Catching Floats for Continental Knitters

Floats Shown on Wrong Side of Fabric

If you have knitted a Fair Isle or stranded color project, you have encountered the challenges of catching floats. Floats are the long strands of yarn that connect stitches between colors. The photo on the right is an example. Generally, you should catch floats about every five stitches or so.  

I knit using the continental method, so I always carry yarn in my left hand. When I knit Fair Isle, I carry all colors in my left hand. I once attended an online workshop and learned how to carry my yarn so that it does not tangle as I knit, and it upped my enjoyment for knitting stranded colorwork. If you are interested in this technique, I have included a link to Continental Stranded Knitting, by Kristin Lehrer.

Arrow Circle Scarf

This past week, I started a new stranded knitting project, the Arrow Circle Scarf by Hilary Grant (Orkney). The pattern is knitted flat, so the pattern is worked on the knit and purls sides of the fabric. I knitted a section of the pattern to see how I liked it. To knit using the continental technique and carry my yarn in my left hand, I had to hold the non-working color with my left hand in front of the work. I then switched yarn positions when the pattern changed. It was a bit awkward. With practice, however, I achieved some consistency in my tensions. Below is a tutorial, 2-Color Stranded Knitting –the Purl Side, by Cheryle Brunette. Cheryle carries her yarn in both hands, so her technique is different than mine, but just as effective.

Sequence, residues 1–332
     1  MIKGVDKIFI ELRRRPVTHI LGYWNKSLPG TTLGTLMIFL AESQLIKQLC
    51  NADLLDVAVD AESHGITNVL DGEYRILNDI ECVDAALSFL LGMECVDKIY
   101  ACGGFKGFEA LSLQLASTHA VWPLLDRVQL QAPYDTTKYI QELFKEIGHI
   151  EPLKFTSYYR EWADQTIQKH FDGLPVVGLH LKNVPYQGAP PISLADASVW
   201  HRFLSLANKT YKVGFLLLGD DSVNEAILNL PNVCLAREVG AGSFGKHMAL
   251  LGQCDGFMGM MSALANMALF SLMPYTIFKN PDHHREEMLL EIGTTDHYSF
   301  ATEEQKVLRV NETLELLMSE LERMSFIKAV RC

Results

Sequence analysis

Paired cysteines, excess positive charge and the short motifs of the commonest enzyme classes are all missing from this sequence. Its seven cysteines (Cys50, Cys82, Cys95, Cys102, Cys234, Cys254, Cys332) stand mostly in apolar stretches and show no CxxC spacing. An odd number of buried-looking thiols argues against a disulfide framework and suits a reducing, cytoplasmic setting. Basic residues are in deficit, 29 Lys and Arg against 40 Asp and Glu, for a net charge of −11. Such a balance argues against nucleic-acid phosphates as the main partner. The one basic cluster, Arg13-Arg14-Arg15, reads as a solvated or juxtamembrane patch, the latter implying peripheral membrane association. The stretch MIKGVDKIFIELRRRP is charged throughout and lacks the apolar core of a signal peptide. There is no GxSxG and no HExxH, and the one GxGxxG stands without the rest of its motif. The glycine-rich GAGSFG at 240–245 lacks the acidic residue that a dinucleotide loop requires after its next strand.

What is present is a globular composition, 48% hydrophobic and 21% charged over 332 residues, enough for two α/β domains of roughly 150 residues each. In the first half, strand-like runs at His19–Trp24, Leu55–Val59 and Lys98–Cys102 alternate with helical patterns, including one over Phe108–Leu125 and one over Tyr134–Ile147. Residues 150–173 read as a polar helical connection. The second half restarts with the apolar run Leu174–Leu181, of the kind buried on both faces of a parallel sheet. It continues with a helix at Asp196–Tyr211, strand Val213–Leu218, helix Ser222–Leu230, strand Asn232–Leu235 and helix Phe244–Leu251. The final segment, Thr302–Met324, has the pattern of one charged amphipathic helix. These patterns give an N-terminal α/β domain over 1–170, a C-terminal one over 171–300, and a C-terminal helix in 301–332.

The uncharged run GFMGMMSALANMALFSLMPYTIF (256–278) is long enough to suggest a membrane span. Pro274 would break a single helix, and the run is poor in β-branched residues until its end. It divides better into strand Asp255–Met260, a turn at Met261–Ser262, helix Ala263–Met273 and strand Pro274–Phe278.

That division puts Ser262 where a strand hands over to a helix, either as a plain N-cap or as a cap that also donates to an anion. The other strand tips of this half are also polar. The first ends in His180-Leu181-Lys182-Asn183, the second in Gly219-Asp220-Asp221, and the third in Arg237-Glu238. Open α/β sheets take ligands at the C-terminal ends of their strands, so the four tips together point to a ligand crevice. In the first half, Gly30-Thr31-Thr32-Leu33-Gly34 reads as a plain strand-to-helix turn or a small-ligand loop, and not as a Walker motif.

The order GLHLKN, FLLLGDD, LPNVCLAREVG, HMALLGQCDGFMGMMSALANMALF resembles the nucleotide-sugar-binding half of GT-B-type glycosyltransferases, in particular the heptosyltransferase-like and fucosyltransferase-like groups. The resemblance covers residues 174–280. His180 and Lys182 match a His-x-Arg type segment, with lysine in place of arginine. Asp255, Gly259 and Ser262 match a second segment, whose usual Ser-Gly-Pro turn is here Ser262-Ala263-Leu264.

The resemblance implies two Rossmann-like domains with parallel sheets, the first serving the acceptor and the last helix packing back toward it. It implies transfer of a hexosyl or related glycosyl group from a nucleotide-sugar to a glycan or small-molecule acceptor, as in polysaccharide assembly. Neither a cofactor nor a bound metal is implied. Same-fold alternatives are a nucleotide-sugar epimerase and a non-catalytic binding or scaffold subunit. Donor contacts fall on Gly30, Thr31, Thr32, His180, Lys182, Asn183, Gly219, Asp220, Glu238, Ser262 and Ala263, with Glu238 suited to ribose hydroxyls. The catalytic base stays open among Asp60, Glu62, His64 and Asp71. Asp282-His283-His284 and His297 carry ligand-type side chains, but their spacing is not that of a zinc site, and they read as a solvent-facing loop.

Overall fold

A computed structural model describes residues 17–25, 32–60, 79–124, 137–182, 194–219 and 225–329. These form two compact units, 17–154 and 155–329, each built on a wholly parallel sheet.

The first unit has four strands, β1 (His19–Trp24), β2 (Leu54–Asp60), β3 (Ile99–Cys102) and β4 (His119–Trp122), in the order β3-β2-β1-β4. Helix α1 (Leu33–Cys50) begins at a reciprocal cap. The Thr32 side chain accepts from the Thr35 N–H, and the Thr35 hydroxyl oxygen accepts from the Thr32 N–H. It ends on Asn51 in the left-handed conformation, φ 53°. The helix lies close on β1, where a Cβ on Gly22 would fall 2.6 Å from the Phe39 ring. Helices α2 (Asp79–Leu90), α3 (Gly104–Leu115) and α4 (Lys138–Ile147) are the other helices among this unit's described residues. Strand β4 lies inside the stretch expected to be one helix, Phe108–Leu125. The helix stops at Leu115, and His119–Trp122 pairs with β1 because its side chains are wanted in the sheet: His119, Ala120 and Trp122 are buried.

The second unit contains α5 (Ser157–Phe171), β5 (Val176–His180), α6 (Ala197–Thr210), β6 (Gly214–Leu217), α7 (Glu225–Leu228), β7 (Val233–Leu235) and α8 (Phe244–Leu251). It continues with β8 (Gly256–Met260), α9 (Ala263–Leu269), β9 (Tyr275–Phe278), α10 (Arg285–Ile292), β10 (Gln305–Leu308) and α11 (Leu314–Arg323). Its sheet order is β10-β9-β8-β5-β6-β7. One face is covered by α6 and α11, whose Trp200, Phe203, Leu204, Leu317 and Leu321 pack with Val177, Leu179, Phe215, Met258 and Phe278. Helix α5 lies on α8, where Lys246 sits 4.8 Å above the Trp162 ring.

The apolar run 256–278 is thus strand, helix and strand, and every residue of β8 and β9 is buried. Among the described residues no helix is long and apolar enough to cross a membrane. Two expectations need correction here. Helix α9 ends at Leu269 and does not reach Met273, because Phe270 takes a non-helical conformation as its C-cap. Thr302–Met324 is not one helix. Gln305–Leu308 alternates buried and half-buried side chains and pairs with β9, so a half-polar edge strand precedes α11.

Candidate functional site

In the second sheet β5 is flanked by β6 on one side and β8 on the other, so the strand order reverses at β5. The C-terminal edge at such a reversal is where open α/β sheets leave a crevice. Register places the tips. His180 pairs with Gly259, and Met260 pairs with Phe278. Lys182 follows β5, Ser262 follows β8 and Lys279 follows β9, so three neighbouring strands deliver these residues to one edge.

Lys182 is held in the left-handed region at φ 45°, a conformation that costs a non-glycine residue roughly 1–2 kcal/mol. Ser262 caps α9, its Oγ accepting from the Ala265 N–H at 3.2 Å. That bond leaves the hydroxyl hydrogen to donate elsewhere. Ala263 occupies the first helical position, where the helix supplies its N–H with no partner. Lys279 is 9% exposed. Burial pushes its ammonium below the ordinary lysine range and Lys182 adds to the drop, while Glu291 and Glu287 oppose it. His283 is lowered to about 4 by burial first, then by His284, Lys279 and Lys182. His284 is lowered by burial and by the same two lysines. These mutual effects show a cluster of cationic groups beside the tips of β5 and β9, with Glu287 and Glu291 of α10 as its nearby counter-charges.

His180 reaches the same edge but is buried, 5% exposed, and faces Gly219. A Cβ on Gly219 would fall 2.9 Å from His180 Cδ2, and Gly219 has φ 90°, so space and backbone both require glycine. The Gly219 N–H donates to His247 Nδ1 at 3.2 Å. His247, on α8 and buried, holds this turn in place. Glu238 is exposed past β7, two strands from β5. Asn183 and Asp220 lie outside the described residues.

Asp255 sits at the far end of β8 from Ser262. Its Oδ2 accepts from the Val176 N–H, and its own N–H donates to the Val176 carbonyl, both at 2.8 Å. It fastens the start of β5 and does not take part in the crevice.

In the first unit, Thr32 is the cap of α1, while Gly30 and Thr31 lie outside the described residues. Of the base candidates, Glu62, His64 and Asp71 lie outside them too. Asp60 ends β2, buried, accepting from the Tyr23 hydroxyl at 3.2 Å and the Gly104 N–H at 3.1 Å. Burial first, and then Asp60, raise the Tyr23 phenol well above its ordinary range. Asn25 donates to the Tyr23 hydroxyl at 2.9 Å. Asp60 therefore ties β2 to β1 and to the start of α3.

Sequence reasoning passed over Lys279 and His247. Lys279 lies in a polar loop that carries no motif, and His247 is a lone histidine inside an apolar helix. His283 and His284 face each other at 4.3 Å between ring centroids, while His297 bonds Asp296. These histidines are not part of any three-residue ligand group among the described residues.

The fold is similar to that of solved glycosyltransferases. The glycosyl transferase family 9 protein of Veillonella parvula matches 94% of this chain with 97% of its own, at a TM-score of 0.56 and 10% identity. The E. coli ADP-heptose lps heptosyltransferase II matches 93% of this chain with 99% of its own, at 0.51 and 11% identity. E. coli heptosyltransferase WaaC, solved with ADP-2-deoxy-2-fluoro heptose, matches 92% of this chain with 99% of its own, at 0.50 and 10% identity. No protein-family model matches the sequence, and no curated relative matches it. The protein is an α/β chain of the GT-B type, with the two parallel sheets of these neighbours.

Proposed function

Because the scarf that I am knitting is quite wide, I decided to knit it in the round. I didn't want the wrong side and floats to show. It was easy to join and knit in the round with no adjustment to the pattern needed. I just needed to remember to always read my pattern from right to left on every row.

There are several rows where there are ten stitches between color changes, so I need to catch the floats. Normally, I carry both the main color (MC) and contrasting color (CC) in my left hand, keeping the MC on top or closest to my fingertip and the CC lower on my finger. As I knit, I reach over the top of the CC to knit with the MC and under the MC to knit the CC. The exception is when I want to catch a float. When I need to catch a float, I just reach over my MC to catch the float. If this is pard to picture, Kristin Lehrer demonstrates the technique beautifully in the tutorial below.

I have only just begun the scarf with just a few inches knitted. The colorwork is interesting and so far, the tension looks good. I try to check it several times each row to make sure that I am not pulling my floats tight. Next week, I hope to have a large section to share.